The IRS reminds taxpayers that filing electronically is the most accurate way to file a tax return and the fastest way to get a refund. According to the IRS statement, there is no advantage to filing tax returns on paper in early January instead of waiting for e-file to begin. The IRS says more information about IRS Free File and other information about the 2016 filing season will be available in January.

Check out 2016 IRS Tax Schedule for Tax Year 2015, here.

IRS Smartphone App IRS2Go Updated.

If you already have the app, go to our apps and update it. Get the “Where’s my refund?” app on Android & Apple IPhone/IPad/IPod App.

Updated IRS Smartphone App IRS2Go Version 5.0 Now Available

WASHINGTON — The Internal Revenue Service today announced the release of IRS2Go 5.0, an update to the only official IRS smartphone application, compatible with both Apple and Android devices. Read more »

We updated our IRS E-File Cycle Chart today to account for the IRS changing the payout dates from Thursday to Wednesday. Check out the changes and please let us know if you find any problems.

2015 IRS Tax Refund Schedule.

Having trouble with the IRS Where’s My Refund tool? Here are some handy tools to decipher your way around this.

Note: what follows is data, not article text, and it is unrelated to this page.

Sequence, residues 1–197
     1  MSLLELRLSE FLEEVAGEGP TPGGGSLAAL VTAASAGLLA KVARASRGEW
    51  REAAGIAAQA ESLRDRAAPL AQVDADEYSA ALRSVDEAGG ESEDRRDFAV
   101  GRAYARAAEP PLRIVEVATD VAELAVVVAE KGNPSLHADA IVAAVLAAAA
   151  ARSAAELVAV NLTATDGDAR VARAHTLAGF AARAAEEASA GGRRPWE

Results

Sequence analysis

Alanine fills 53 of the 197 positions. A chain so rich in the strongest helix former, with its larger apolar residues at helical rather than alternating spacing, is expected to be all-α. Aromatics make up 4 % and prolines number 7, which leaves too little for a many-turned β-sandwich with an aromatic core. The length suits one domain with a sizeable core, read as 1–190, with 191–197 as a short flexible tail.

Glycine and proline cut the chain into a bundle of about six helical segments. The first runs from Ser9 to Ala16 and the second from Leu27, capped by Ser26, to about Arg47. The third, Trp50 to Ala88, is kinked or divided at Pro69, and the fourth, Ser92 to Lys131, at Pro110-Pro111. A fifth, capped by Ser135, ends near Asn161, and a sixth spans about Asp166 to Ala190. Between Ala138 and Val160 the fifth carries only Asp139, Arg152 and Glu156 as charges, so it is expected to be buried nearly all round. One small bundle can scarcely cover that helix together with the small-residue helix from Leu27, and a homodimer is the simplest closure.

How to read your IRS tax account transcript.

Tax Topic 151

Tax Topic 152 Read more »

IRS says 2015 Tax Season could be delayed for 2014 tax filings.

Americans might have to wait longer than usual to receive their tax refunds in 2015.

The IRS is waiting for lawmakers to act on expired tax provisions called extenders. If Congress fails to resolve the issue by the end of November, that could delay the 2015 tax season — and therefore push back the date when refund checks start to get cut and sent out.

IRS Commissioner John Koskinen said the agency is currently upgrading its systems, which will help streamline the tax filing process.

“Continued uncertainty would impose even more stress not only on the IRS, but also on the entire tax community, including tax professionals, software providers, and tax volunteers, who are all critical to the successful operation of our nation’s tax system,” Koskinen wrote in a letter to Senate Finance Committee Chairman Ron Wyden (D-Ore.).

“If Congress waits until 2015 and then enacts retroactive tax law changes affecting 2014, the operational and compliance challenges would be even more severe — likely resulting in service disruptions, millions of taxpayers needing to file amended returns, and substantially delayed refunds.”

Wyden responded with a statement posted to the committee’s website, urging lawmakers to take action and not risk delays in next year’s tax season.

“It has been over six months since the Finance Committee passed the EXPIRE Act with strong bipartisan support,” Wyden said in the statement. “As the 2015 tax season begins to loom large, it is more urgent than ever that Congress moves in a decisive and bipartisan way to renew expired tax provisions that will give taxpayers the certainty they need to plan their finances.